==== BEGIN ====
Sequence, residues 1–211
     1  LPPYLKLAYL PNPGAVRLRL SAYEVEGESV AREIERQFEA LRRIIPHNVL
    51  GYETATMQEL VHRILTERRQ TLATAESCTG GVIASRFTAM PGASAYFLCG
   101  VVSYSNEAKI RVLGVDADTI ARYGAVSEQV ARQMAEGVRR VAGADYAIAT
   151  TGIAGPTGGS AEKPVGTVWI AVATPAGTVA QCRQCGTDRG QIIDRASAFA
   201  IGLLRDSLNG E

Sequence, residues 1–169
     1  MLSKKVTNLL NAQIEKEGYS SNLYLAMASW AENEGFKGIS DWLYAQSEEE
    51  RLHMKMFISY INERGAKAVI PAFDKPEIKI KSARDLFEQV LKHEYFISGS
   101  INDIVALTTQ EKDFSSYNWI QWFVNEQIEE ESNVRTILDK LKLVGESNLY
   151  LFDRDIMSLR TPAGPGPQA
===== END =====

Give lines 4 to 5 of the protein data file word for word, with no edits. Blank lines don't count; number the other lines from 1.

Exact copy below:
   101  VVSYSNEAKI RVLGVDADTI ARYGAVSEQV ARQMAEGVRR VAGADYAIAT
   151  TGIAGPTGGS AEKPVGTVWI AVATPAGTVA QCRQCGTDRG QIIDRASAFA